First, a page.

Drop That Candy Review
Who doesn’t like candy? People who are crazy and/or have the “diabeetus,” that’s who. Candy is sweet, sugary, and so very bad for you, making it the perfect treat. In Greenfly Studios newest puzzle game, Drop That Candy, it’s clear that their candy-loving hero agrees. All it took for this cute little guy to become hooked was a single lick, and now he’s willing to go to great lengths to get that candy to drop into his mouth. In the words of Mandy Moore, will this newest iOS game be like sugar to your heart and make you miss it like candy, or will it just rot your teeth?
It’s up to the player to feed Gizmo those yummy sugary treats using a few moves as possible or he’ll get very angry, multiply uncontrollably, and take over an office building. The next thing you know, one of the Gizmos will be dressed in drag and trying to seduce you, and believe me when I say you don’t want that to happen… All right, so, full disclosure: Drop That Candy has no relation to ‘Gremlins 2,’ but you still need to feed that poor soul some candy.
Each level is a physics-based puzzle. Candy is strategically placed throughout the area, each with different functions. Tapping on a piece will make it disappear and go into the basket for Gizmo to eat. Grouping similarly-colored candy together uses fewer moves, and the goal is to clear all the sweets in as few actions as possible. You are allotted so many moves to figure out the best way to group the candy together, and if you stay within the par for the course, you score three stars; going over reduces your score accordingly. The types of candy are where the real challenge comes in. Some of the sweets are stationary, some are free to fall anywhere, and some are designed to move in a certain direction. Levels also occasionally have hazards, like lasers and conveyor belts, so players must plan ahead to succeed.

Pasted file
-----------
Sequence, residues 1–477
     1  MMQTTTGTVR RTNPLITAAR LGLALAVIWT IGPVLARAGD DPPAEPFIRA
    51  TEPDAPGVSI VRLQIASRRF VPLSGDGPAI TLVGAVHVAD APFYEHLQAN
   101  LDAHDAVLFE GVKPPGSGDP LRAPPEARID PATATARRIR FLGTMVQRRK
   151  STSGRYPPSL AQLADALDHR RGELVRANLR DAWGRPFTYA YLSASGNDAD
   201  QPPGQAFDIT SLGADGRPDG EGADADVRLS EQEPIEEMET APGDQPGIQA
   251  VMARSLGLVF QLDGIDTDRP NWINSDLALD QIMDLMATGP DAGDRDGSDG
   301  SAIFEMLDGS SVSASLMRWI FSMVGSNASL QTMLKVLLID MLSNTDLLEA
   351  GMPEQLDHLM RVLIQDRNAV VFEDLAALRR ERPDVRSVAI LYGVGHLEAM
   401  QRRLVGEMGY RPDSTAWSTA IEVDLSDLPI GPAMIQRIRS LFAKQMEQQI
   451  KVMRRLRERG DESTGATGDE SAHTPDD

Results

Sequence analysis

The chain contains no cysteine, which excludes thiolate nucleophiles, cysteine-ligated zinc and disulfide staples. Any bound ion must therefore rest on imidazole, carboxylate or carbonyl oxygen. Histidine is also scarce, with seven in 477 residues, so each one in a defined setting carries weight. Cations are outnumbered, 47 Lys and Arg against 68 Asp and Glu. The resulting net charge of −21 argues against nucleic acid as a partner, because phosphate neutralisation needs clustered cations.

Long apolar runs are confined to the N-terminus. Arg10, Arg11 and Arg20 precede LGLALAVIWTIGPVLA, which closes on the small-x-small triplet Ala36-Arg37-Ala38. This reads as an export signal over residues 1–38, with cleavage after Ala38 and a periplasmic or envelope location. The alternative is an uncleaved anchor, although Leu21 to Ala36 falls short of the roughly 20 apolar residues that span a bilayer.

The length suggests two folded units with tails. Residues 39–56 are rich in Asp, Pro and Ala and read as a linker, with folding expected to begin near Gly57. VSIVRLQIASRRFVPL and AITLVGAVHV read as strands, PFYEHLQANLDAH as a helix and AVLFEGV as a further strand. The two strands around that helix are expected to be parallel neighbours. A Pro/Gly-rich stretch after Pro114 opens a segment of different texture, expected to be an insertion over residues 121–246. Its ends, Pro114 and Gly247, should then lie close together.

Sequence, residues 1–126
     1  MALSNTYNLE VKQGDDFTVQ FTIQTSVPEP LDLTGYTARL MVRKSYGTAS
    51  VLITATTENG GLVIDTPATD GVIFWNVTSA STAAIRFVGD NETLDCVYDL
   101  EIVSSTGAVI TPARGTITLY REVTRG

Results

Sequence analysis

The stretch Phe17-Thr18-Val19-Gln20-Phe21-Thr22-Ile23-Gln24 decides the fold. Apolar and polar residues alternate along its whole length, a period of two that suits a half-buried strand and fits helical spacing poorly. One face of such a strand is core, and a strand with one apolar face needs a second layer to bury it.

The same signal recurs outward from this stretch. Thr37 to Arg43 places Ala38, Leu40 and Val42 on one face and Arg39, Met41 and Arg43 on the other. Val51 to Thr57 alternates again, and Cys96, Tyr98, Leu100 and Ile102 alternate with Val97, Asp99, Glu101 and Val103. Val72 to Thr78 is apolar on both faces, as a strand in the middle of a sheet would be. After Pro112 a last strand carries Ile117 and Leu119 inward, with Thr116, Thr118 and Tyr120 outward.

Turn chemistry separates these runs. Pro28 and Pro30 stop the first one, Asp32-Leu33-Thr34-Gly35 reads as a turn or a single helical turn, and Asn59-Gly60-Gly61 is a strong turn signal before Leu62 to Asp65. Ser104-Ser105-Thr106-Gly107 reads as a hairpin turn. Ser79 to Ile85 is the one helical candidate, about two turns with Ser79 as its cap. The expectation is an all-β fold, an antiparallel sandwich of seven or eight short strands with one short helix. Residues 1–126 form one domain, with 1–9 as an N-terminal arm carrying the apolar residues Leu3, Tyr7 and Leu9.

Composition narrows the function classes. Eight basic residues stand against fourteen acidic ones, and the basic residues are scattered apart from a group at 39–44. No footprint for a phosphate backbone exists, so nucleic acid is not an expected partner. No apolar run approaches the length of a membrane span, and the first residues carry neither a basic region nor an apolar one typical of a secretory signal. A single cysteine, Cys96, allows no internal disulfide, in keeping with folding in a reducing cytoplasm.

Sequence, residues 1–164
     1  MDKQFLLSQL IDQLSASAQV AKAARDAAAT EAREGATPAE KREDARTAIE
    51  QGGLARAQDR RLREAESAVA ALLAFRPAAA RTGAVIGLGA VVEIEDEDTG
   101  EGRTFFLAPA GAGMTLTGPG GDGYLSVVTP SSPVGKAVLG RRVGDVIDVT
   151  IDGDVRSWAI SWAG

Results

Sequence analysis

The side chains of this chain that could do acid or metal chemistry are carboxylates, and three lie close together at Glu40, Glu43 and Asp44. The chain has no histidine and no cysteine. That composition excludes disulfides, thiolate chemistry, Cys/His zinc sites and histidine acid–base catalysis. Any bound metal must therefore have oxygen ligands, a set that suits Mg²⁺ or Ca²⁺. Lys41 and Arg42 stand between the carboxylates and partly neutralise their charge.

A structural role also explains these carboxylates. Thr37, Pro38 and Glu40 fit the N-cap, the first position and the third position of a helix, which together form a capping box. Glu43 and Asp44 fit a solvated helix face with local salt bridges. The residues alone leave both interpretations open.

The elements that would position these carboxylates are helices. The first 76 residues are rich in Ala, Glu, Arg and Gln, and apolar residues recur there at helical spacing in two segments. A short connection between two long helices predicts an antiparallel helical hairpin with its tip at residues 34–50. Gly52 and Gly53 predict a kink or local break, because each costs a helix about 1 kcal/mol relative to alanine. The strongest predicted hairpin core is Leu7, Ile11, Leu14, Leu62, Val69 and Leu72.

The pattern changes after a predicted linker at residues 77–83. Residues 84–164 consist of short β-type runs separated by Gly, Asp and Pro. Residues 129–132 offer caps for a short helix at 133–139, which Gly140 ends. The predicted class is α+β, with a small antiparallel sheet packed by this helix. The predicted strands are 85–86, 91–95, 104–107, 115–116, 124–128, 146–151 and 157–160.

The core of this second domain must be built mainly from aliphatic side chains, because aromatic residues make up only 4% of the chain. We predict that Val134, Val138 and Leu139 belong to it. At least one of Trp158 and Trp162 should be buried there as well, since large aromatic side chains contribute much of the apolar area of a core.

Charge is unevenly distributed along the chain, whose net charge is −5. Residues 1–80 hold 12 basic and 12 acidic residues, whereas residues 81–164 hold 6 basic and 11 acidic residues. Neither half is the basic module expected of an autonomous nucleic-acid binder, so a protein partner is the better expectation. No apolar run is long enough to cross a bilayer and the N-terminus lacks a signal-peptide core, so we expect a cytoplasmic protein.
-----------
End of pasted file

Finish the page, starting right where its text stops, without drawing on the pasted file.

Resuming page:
The game offers a decent number of levels- three worlds with 20 levels each. They may have different themes, but in the end look very similar since the differentiating factors are only partly visible. Despite the lack of visual variety, the levels are still bright and colorful- always a nice touch.
Though there is some varied gameplay, things are very, very easy here, even in later levels. If you’re looking for a game where you can move through the levels without actually having to achieve anything, this is perfect for you; you can take as many moves as you want and still progress. The worlds are all gated behind a required number of stars, but that number is always pretty low, so players can move ahead at will. There’s even an option to skip levels without penalty.
To sum up: Gizmo is super cute, and playing Drop That Candy can be fun for a little while. Conversely, Drop That Candy’s simple physics take challenge out of the equation, which is good for anyone looking for a non-stressful experience, but can get boring for anyone looking for a bit more of a real brain teaser. It’s refreshing to find a game that’s so open to letting players play what they want, when they want, but it’s not for everyone, and especially not for $2.99.